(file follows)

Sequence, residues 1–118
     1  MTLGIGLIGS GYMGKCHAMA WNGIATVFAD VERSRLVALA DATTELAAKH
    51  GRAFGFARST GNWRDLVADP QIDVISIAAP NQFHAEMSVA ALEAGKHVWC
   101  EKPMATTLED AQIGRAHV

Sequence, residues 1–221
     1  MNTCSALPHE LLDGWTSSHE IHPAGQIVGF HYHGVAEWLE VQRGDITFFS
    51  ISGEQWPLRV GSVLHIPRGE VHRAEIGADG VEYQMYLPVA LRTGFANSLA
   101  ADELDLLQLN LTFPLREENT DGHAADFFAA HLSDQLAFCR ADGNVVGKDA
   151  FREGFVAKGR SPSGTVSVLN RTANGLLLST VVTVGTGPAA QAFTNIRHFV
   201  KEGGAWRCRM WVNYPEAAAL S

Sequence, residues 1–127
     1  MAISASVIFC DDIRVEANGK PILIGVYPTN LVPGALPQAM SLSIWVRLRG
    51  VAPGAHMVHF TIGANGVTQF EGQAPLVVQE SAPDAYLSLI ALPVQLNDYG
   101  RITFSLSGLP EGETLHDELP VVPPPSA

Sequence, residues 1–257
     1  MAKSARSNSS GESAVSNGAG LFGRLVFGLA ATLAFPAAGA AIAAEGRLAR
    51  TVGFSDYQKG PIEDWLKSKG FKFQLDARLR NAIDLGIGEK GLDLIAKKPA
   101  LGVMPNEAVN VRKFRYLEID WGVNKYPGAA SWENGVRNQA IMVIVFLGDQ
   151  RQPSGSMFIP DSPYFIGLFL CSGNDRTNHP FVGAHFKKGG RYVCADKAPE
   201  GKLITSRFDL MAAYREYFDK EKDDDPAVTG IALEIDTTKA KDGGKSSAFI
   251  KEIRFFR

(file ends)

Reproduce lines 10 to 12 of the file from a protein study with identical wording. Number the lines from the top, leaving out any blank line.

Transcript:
   201  KEGGAWRCRM WVNYPEAAAL S

Sequence, residues 1–127
     1  MAISASVIFC DDIRVEANGK PILIGVYPTN LVPGALPQAM SLSIWVRLRG